The issue is whether petitioner was an "employee" or an "independent contractor" within the meaning of this section. We first consider whether the Attorney General's resolution of this issue is entitled to deference, and we conclude that it is.
While as a general rule courts will not defer to administrative agencies in matters of "pure statutory interpretation" ( Matter of KSLM-Columbus Apts., Inc. v New York State Div. of Hous. Community Renewal, 5 NY3d 303, 312), deference is appropriate "where the question is one of specific application of a broad statutory term" ( Matter of American Tel. Tel. Co. v State Tax Commn., 61 NY2d 393, 400, quoting NLRB v Hearst Publications, Inc., 322 US 111, 131 [interpreting the term "employees"]). This case is in that category.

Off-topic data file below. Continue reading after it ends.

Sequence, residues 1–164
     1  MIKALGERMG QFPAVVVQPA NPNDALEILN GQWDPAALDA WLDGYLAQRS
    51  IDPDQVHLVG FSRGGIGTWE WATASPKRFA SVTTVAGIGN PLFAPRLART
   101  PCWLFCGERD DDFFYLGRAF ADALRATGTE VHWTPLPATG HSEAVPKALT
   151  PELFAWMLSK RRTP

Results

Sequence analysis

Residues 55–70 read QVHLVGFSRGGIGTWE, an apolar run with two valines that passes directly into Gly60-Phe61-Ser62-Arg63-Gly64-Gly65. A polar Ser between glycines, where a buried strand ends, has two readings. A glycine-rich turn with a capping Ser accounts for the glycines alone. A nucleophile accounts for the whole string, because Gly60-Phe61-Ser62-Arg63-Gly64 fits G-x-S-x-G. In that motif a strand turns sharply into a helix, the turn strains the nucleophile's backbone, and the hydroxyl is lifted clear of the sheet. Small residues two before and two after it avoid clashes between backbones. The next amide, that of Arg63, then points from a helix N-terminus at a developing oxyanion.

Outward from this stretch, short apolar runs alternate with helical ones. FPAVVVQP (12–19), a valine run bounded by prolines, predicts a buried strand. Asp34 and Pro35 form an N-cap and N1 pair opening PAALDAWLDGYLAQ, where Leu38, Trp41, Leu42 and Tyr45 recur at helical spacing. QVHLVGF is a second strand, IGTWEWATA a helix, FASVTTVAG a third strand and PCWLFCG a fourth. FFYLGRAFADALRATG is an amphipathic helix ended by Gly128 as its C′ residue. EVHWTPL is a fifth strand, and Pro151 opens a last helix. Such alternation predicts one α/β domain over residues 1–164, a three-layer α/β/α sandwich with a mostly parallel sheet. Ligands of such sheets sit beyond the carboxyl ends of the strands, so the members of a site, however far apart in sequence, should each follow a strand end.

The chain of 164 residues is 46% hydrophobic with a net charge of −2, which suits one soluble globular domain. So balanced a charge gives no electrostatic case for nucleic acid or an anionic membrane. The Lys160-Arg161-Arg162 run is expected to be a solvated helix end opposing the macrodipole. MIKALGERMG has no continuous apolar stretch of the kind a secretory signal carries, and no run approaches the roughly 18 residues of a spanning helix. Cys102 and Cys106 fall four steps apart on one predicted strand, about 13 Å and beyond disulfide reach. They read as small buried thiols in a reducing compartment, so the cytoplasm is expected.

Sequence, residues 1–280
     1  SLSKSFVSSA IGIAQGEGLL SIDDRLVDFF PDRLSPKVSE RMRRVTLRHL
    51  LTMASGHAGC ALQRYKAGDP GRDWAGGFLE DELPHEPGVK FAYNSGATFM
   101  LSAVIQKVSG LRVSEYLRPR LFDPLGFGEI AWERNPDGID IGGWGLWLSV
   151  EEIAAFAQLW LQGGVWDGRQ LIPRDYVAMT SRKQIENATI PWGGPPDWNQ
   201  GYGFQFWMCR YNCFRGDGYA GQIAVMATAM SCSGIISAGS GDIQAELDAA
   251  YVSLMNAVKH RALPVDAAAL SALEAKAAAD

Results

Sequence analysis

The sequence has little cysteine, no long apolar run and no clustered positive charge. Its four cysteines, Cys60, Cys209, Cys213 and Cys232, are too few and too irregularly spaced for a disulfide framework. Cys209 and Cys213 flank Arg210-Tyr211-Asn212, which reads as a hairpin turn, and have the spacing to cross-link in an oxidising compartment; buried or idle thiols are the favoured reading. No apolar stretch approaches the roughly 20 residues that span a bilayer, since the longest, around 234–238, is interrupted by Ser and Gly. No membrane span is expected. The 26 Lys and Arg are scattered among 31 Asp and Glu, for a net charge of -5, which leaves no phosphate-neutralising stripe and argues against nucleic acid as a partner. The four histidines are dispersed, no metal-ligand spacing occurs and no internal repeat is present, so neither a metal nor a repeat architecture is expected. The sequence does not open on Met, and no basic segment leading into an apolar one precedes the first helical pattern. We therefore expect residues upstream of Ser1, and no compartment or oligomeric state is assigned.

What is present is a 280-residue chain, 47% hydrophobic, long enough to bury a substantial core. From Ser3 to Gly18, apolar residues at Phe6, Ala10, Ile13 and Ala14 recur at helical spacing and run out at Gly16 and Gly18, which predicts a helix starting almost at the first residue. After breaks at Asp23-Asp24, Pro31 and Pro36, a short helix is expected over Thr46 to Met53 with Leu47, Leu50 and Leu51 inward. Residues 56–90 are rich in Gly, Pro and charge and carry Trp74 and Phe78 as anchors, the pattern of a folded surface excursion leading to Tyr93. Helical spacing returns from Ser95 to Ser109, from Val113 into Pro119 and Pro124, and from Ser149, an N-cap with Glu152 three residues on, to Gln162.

The terms "employee" and "independent contractor" are familiar ones, and their definitions are well known. Broadly speaking, an employee is someone who works for another subject to substantial control, not only over the results produced but also over the means used to produce the results. A person who works for another subject to less extensive control is an independent contractor ( e.g., Matter of Hertz Corp. [Commissioner of Labor], 2 NY3d 733, 735; Matter of Charles A. Field Delivery Serv. [Roberts], 66 NY2d 516, 521). But it is often not easy to apply those definitions to specific facts. When a person claiming to be a public employee requests indemnification, the Attorney General must first decide whether that person is indeed an employee, or is an independent contractor. Where his decision is a reasonable one, courts should not second-guess it.